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If you can cannot both PCs to wired
by Steven Haninger / March 15, 2008 4:03 AM PDT
In reply to: Confirm this?

ports on the router first, that would be best. Wireless and wired networks have their quirks. Another You'll want to make sure you can ping each PC from the other. No reply means you won't connect. If you can temporarily take down any firewalls, do that. Again, make sure matching usernames and passwords are on both PCs and that a "share" has been created. If no share exits, one PC might see another but an attempt to connect will result in a rejection. I'd never use third party software...free or paid. There's nothing it can do that you can't do yourself. Just make the connection as simple as possible and then add security features as needed. Good luck.

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A share?
by Sebby2022 / March 15, 2008 6:16 AM PDT

What do you mean by a "share"? A work group? I have one created and my PC can connect to it and see the laptop, but the laptop can't even connect to the network. I think that it would be easiest to just tell me what steps to take to normally set up a network. Like if I need to run the wireless wizard on both computers or only the wireless one and the regular wizard on the wired or wireless one. I really appreciate all this help.

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A share is generally a drive or folder
by Steven Haninger / March 15, 2008 8:43 AM PDT
In reply to: A share?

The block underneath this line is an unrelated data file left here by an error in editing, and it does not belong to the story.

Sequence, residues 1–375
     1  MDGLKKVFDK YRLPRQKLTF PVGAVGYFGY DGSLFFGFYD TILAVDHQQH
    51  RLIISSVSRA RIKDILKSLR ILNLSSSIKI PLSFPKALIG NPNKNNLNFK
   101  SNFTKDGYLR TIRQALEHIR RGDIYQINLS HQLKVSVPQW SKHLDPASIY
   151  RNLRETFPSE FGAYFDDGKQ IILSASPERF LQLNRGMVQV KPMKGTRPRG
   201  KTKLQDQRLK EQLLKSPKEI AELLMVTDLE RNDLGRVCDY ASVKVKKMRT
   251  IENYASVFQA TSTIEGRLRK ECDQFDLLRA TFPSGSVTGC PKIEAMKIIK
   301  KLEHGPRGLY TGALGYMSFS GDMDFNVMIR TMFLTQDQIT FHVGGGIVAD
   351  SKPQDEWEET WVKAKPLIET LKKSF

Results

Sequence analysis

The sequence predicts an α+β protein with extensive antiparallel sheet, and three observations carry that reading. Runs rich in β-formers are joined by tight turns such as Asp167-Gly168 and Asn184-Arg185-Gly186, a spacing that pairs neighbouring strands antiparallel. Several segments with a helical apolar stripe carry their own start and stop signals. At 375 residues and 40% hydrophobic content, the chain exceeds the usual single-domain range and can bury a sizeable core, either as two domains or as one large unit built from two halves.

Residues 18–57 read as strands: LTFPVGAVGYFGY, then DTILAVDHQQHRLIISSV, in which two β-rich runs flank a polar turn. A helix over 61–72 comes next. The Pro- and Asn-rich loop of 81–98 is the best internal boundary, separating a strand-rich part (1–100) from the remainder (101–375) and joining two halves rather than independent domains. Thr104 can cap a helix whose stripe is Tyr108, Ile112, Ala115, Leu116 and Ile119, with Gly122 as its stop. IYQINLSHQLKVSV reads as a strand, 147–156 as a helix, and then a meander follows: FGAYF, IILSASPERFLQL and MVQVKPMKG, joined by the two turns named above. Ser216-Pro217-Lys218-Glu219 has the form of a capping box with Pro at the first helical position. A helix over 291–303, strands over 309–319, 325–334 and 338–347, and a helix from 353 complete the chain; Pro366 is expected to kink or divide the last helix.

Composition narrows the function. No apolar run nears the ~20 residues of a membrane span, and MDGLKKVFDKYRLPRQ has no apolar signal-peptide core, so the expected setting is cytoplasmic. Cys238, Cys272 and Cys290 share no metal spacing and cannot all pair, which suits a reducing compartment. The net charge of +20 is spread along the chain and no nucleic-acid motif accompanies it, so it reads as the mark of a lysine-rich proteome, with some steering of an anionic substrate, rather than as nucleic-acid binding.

that you have designated to be accessible on the network. Otherwise, even being able to view the presence of another PC doesn't mean you can connect to it. Generally you don't want the entire drive where Windows resides to be shared as it allows opportunities for damage...accidental or intentional...from another PC. A share might be a second drive or a folder where you'd want to put files that could be accessed over the network. You can create a folder for this purpose and share it. To share the folder you simply use Windows Explorer and do a right click on the folder. You'll see options to share or not share the folder. By default it won't be shared and you need to tick the button to do so. You'll get a warning asking if you really want to do such. You may also see options to set permissions. This allows you to select who can and who cannot have access and what they can and cannot do within the folder. If you haven't done this yet, give it a try and view the various options. It's a little different when you share an entire drive. It already has a default share but that's not for public use. A shared drive or folder will appear with the image of a hand underneath with the palm facing upward. I don't have the media center version so I don't know exactly what you'll encounter or what your security options are but designated "shares" are what you'll actually access over the network. Keep pluggin' away at it.